Michael Mastro, Mary Testa, Amy Hohn and Peter Scolari

Credit: T. Charles Erickson



NJ Arts Maven

In less skilled hands, a farce could land with a thud, like a lead balloon. But having honed his comedic chops on Lend Me a Tenor, Ken Ludwig is at it again with an uproarious look at the game of golf and country club tournaments in The Fox on the Fairway, now at George Street Playhouse through April 17.

This madcap romp around the tap room of Quail Valley Golf Club, directed snappily and snazzily by David Saint, revolves around the Annual Inter-club Golf Tournament between Quail Valley and their archrivals, Crouching Squirrel, in which the latter has triumphed for the past five years. With his job on the line, Q.V. Director Henry Bingham has enrolled a scratch golfer named Tramplemaine, only to have the guy quit the day before the match and join Crouching Squirrel, for whom he will play in the tournament. To add to Bingham's worries is a bet he has placed for $200,000 (plus his wife's antique shop) with C.S. Director Dickie Bell, the master of the malaprop and wearer of the ugliest golf sweaters on the planet.

Upon learning that his newly hired assistant Justin Hicks is a golfer in the same category as Tramplemaine, Bingham immediately signs him up and sends him out to play, with much success: at the end of 16 holes, Hicks is down eight strokes while Tramplemaine is down only one!

Matters are complicated, however, by Justin's new fiancé Louise's losing her engagement ring and the untimely arrival of Muriel Bingham, who discovers her husband embracing the comely Q.V. VP Pamela (center below), who just happens to be Dickie Bell's former wife, among other incredible connections (no spoilers here)! Needless to say, the ending, while satisfying, stretches our credulity and ties everything up neatly, just as a farcical ending should.

Ludwig has peopled his play with six off-the-wall characters, stock characters of farce, only this time in golf attire (Louise calls golf "a game played by people wearing mismatched clothing"). There are two ingénues (male and female), a clownish dolt, a Nervous Nellie main character, a beautiful older woman and a battle-ax matron. The entire cast appears to be loose-jointed as they gallop around the nifty set designed by Michael Anania (complete with golf-themed accessories that add to the merriment), flop around on the floor, dance across the furniture and toss around a precious vase with great comedic timing. They've got this farce thing down pat.

Director Saint calls his cast "farceurs," and that they are! Peter Scolari is marvelous as Henry Bingham, quaking like a bowl of jelly at the thought of losing the tournament (and his job) and whenever his wife Muriel appears. Despite his antics, Scolari makes Bingham a sympathetic character so we root for him (and his club) to win. Scolari performs several athletic moves that wow the audience. At one point you'd swear that his wife picks him up and throws him on the sofa, but it's an example of great (and agile) acting!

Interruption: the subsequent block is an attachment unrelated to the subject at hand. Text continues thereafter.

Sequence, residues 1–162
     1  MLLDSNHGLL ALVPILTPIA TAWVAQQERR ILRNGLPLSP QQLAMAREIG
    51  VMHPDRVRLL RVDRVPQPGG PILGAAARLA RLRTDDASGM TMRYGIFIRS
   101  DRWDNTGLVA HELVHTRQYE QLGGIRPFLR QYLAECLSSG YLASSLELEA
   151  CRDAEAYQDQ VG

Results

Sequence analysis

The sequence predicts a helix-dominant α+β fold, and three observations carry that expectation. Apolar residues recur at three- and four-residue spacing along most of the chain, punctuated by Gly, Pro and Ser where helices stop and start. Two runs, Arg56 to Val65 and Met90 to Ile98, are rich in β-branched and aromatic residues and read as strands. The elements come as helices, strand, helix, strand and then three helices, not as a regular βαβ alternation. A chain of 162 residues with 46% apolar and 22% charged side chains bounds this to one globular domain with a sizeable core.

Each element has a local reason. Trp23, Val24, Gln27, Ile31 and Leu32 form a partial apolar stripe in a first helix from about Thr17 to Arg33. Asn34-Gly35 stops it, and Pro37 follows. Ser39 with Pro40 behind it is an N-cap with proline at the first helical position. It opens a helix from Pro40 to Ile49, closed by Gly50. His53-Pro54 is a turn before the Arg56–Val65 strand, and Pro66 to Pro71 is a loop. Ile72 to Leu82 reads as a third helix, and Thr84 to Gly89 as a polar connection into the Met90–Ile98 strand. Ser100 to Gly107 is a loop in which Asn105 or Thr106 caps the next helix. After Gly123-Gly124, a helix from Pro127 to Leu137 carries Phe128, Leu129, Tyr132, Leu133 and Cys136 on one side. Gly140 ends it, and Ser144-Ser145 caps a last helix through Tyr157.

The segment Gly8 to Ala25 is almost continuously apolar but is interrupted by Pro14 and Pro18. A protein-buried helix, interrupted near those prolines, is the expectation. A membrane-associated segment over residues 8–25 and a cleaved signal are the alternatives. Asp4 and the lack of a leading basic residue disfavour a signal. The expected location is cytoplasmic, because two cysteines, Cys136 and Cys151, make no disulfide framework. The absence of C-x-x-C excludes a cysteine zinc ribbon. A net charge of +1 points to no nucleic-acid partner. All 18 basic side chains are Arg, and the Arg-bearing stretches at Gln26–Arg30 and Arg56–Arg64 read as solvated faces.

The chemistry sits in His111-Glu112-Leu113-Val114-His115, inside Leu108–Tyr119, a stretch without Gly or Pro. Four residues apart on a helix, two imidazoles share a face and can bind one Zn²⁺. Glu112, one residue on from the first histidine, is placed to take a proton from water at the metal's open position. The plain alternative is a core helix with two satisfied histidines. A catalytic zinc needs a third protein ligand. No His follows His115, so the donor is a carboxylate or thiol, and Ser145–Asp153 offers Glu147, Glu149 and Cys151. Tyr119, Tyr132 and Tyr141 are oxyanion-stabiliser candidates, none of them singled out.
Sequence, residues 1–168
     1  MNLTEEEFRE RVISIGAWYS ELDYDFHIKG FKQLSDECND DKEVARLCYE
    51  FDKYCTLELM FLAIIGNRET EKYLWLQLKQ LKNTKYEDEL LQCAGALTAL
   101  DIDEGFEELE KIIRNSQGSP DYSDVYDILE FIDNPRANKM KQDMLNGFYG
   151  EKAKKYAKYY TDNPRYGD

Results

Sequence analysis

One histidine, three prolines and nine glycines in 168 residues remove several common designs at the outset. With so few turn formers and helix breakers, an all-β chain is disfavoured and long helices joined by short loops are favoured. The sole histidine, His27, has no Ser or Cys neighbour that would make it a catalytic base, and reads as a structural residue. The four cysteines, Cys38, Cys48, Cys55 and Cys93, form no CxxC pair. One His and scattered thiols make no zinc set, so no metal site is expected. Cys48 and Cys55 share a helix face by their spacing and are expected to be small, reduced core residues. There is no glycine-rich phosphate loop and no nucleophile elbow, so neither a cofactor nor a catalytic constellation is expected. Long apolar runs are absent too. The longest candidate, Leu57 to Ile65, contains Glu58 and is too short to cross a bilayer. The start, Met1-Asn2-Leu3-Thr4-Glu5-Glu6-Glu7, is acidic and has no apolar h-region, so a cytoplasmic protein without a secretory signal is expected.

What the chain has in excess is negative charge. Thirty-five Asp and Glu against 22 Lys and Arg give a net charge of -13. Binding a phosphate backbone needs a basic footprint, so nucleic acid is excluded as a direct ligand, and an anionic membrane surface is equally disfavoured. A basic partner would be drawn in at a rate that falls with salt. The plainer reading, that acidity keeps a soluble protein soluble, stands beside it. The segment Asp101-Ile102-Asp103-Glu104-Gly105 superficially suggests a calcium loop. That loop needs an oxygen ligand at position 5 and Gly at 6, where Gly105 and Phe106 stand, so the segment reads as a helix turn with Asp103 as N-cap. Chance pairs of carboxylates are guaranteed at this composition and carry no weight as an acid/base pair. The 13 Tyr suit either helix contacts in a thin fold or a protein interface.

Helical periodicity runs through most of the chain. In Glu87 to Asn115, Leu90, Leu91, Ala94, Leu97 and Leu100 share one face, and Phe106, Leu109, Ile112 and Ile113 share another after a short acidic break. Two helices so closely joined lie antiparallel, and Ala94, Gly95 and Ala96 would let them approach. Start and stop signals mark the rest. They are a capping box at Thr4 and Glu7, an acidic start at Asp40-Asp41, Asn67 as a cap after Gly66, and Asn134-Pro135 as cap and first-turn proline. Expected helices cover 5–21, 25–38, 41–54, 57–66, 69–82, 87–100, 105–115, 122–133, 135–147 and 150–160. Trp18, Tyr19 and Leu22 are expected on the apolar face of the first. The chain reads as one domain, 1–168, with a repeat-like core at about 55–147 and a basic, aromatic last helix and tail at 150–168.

His nemesis, Dickie Bell, played by Michael Mastro utters a plethora of malapropisms (in this case aphorisms whose words he uproariously inverts to our great delight) with a straight face; he also wears ugly costumes as though they are royal rags! Amy Hohn is equally as funny as Q.V. Vice President Pamela, who tries mightily to keep things under control—without much success. She runs around the stage in five-inch heels with energy—and great balance! And Mary Testa is beyond formidable when she appears as Muriel, dressed in a military-inspired jacket and exuding the air of a five-star general. Her flirtation with Dickie plays against her outward appearance and is an absolute riot! And finally, as the two sweet young (albeit ditzy) things. Reggie Gowland (Justin) and Lisa McCormick (Louise) are appropriately goofy and dim. Gowland is hilarious as he prepares to demonstrate his putting ability to Bingham and Pamela: he lies down on the floor to sight the ball, then gets up and shakes out his hands like Jackie Gleason. The guy appears to have rubber bones! McCormick's dances of excitement will have you splitting your sides, as will her attempt to clean up spilled goldfish snacks and nuts using only one hand (and a foot).

A great deal of the fun comes from the colorful costumes designed by David Murin. In addition to the sweaters worn by Dickie and Muriel's frocks, he dresses McCormick in all-pink golf attire and suits up Gowland for the match in a lime green golf shirt, red plaid knickers, red/white argyle knee-high socks and matching sneakers, not to mention a tam perched on his curly hair! But the pièce de resistance is McCormick in a red dress so tight it appears to be painted in her body! Wow!

I really don't understand the mystique of the game of golf. My husband called playing it a "death wish," and Mark Twain called golf "a good walk spoiled." No matter whether you love golf or not, The Fox on the Fairway will tickle your funny bones and keep you laughing after you leave the George Street Playhouse as you recall some of the off-the-wall events, props and dialogue. It may not be a deep, serious drama, but Ludwig's play does poke great fun at Americans' obsession with winning and a game where you use a stick to hit a little ball around a big lawn. And it does this all in good fun.

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